David Ramsden discusses Monday’s debate
It is the day after the latest Westminster debate (watch here) on access to Orkambi and other life-saving drugs, and I thought it would be useful to share some reflections on what has at times felt like a rollercoaster ride over the last two weeks.
A good place to start is on Thursday 30 May, when Vertex Pharmaceuticals released the latest results from their clinical trials of ‘triple therapies’, one of which they are submitting for FDA approval. These drugs have the potential to improve the lives of up to 90% of people with cystic fibrosis across the world and the results provided compelling evidence of the impact they could have.
At what should be a moment of excitement, however, we still face the reality that there is not a permanent deal in place in any part of the UK that ensures universal and rapid access to the therapies that already exist.
There is an interim agreement in place in Scotland, which allows some access through a system called PACS Tier 2, and we expect a decision from the Scottish Medicines Consortium in August on whether Orkambi and Symkevi will be available for medical teams to prescribe beyond this.
There are signs of progress in Wales. Today, the Petitions Committee discussed access to cystic fibrosis medicines and confirmed Vertex intends to submit evidence to the All Wales Medicine Strategy Group (AWMSG) in the coming weeks. The Committee has pledged to write to Vertex to ensure this happens as soon as possible. You can read our latest correspondence with the Petitions Committee here.
What we do know is that over the last few weeks and months NHS England and Vertex have been meeting on a regular basis. As recently as last Friday, they both described these talks as “ongoing and intensive” but the sliver of hope that this offers is clearly not enough after this desperate, enforced and prolonged wait.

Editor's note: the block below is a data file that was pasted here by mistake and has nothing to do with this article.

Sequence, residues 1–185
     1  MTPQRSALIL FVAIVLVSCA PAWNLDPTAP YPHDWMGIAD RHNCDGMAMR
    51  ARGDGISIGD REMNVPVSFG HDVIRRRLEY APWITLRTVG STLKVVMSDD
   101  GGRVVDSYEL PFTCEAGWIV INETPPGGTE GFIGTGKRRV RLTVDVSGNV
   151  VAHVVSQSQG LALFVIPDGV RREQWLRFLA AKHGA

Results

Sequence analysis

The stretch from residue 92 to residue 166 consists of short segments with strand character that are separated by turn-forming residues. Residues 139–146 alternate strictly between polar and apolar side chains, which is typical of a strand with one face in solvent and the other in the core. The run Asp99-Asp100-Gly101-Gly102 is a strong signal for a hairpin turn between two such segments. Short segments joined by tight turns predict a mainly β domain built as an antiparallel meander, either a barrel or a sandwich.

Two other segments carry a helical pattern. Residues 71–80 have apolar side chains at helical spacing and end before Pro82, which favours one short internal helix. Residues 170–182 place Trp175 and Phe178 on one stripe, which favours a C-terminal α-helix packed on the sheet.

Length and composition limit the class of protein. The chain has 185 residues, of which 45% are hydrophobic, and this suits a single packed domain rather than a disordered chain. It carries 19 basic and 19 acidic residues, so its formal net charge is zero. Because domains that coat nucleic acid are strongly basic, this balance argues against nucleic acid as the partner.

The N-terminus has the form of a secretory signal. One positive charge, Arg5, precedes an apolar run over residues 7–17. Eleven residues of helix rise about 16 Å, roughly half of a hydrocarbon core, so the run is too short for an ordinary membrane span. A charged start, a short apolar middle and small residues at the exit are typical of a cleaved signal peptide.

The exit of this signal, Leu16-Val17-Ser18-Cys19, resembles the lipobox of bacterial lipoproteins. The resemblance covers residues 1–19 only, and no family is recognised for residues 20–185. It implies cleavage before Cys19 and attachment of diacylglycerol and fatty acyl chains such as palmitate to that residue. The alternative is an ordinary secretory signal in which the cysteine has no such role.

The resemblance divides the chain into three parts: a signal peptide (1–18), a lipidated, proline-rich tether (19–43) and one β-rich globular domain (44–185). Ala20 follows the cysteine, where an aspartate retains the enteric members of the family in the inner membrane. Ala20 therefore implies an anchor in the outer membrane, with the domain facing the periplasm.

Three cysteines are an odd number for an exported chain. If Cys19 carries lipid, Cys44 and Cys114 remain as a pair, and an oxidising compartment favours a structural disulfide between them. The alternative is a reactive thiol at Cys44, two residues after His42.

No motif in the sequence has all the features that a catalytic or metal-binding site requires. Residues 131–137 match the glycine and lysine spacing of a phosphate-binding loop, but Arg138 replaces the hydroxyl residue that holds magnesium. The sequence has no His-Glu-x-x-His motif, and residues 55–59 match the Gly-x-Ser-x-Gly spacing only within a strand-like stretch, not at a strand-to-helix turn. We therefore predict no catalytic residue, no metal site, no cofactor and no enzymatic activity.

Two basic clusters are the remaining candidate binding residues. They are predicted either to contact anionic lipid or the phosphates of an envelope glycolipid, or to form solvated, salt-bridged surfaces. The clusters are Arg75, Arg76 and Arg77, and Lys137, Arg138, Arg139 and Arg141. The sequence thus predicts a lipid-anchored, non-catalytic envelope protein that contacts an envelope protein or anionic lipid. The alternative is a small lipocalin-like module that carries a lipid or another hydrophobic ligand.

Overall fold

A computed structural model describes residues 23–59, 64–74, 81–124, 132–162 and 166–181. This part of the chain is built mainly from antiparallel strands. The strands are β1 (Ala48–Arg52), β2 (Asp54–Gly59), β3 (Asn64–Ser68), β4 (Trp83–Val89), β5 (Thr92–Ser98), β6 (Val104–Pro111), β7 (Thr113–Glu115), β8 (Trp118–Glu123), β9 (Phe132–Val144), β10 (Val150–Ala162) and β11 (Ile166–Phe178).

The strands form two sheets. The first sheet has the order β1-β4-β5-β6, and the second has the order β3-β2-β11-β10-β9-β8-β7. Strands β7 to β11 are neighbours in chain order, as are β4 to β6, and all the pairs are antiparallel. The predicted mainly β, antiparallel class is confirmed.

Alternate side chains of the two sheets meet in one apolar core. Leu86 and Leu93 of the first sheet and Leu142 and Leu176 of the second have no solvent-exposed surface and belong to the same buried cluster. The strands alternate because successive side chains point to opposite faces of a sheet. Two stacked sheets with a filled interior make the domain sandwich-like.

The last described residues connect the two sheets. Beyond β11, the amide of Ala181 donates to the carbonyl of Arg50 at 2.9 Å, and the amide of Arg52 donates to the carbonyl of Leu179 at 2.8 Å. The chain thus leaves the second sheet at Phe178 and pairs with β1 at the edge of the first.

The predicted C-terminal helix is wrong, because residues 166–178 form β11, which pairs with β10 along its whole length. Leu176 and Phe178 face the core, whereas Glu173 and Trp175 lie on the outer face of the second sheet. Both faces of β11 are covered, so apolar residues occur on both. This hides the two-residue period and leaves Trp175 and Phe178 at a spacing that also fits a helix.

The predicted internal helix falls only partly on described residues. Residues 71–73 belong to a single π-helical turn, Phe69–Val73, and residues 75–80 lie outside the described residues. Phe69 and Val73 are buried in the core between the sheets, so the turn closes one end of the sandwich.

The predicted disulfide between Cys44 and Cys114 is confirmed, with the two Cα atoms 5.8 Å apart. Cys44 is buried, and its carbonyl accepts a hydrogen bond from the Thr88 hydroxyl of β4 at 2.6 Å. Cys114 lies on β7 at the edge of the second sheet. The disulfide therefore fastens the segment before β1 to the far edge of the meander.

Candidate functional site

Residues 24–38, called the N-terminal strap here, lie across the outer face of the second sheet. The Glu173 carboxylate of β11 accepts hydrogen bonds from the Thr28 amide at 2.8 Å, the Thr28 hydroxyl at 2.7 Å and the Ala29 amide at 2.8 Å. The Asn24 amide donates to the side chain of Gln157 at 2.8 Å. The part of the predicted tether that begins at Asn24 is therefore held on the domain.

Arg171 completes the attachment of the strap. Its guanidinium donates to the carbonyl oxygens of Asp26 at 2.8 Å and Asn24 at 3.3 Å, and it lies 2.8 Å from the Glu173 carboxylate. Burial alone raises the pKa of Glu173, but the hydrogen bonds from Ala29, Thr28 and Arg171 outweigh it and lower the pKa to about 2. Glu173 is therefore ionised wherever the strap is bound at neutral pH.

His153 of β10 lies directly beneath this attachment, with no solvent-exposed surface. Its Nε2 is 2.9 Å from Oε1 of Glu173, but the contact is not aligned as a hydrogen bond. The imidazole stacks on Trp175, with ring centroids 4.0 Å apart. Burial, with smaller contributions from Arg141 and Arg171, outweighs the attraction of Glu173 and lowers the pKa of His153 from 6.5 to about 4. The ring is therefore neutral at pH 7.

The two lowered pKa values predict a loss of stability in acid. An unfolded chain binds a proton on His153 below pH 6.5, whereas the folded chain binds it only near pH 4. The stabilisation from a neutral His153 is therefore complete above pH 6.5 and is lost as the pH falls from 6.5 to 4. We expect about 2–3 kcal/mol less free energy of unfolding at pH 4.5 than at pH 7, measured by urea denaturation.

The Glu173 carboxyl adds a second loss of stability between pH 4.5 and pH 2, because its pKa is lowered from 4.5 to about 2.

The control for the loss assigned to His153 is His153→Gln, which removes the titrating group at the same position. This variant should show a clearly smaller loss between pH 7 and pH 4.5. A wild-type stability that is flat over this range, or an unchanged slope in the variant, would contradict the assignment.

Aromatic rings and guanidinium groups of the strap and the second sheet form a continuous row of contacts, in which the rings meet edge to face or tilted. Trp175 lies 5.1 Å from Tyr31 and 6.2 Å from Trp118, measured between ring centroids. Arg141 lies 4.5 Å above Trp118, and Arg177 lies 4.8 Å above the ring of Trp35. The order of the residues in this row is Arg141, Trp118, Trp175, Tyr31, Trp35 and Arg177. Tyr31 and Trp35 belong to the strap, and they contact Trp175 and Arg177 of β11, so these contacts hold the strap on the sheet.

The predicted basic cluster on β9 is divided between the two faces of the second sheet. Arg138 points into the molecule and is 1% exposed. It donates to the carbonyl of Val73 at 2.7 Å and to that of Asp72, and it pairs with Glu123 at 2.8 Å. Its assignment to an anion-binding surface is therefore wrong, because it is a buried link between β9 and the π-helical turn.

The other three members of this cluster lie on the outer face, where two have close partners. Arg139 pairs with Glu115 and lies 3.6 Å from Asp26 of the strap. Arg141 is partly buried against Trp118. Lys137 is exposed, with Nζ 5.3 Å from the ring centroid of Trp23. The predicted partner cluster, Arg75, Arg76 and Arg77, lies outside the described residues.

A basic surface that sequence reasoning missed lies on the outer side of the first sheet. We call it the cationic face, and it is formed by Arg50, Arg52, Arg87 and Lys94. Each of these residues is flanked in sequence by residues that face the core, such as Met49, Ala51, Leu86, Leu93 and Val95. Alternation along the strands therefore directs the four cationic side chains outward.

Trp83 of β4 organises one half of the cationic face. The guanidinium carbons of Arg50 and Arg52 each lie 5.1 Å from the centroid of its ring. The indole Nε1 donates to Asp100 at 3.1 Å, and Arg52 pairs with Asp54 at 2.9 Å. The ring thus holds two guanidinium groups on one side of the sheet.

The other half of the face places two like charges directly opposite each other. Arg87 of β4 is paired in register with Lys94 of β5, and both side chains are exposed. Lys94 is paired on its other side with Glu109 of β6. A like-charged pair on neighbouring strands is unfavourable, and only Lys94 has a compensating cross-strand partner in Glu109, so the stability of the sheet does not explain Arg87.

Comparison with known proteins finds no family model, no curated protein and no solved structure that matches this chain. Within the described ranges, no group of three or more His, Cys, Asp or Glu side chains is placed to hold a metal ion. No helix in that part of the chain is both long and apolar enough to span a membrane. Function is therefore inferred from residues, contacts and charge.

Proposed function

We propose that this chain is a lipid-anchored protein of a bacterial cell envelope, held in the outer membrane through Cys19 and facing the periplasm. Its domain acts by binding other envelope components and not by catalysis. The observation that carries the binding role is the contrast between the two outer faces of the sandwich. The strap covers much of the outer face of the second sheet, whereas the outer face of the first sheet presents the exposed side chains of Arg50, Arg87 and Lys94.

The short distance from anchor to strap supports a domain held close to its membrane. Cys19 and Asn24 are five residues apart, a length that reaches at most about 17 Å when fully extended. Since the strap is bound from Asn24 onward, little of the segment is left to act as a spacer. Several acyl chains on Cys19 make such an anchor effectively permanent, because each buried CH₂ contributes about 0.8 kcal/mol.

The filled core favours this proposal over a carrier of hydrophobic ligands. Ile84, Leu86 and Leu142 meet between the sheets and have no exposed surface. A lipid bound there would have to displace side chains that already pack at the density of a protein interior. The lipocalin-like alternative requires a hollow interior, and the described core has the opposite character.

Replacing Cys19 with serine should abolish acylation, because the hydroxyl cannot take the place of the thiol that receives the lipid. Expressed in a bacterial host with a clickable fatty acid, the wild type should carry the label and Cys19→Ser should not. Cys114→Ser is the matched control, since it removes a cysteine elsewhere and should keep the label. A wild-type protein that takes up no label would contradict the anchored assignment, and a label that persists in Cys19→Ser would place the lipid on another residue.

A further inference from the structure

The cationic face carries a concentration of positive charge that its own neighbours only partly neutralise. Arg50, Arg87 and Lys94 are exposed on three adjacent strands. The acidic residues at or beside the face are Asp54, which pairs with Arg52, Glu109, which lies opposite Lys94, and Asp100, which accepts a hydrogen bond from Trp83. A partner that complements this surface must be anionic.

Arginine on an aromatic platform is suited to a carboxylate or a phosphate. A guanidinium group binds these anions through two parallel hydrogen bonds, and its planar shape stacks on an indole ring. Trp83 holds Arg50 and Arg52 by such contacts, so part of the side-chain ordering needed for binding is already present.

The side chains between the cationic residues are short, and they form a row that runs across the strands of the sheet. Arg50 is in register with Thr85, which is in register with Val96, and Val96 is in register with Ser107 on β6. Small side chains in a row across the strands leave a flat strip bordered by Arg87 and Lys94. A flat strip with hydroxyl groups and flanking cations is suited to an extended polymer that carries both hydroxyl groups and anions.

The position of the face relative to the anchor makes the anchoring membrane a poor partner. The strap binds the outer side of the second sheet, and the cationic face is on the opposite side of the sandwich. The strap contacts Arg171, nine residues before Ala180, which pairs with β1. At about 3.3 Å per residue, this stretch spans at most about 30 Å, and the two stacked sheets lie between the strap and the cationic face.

It is three and a half years since Orkambi was approved for use, and the lack of a deal has led to an appalling situation where, worn down by the delay, some people within the CF community have decided that waiting is no longer an option and are putting in place arrangements to personally pay thousands of pounds out of their own pocket to get generic drugs from overseas.
Everyone knows the quickest, most reliable and most equitable way of getting life-saving drugs to the thousands that need them remains comprehensive deals between the NHS in all four nations of the UK and the company that manufacturers them.
We don’t want any more empty and repetitive commentary from the negotiating parties, we just need action and access. That means a deal.
Which brings me to last night and the debate in Westminster Hall. Firstly, I should say that the very fact that the event took place was a tribute to the drive and commitment of the CF community.
On a day when there were plenty of political distractions, it was important to see a strong turnout and a wide range of contributions that crossed party political lines and the borders of the UK’s nations. A central theme of the debate was captured in the comment that this is not about names on a spreadsheet, but real people simply wanting to live their lives.
The Government Minister present, Seema Kennedy, Parliamentary Under-Secretary of the State for Health and Social Care, in her response emphasized that Vertex must re-engage with the NICE process. She was also clear that a deal was the best option, but if it was not achieved, she had a "moral obligation" to look into other options that could deliver access. The Minister also agreed to meet with a cross-party group of MPs and Trust representatives as soon as possible.
The other element of the rollercoaster ride I mentioned above was the European Cystic Fibrosis Society’s Annual Conference that took place in Liverpool last week. It was an amazing event, with nearly 3,000 delegates from around the world coming to share and discuss the latest clinical and scientific breakthroughs in cystic fibrosis.
It is 30 years since the CFTR gene was discovered and the conference showed how far things have come and held out the promise of further significant scientific advances, clinical approaches and new treatments in the years ahead.
That progress should be celebrated, but we know it is not enough. From funding research, promoting the best care, providing information and support and campaigning for everyone with cystic fibrosis, we will continue the fight until we have truly delivered a life unlimited for all.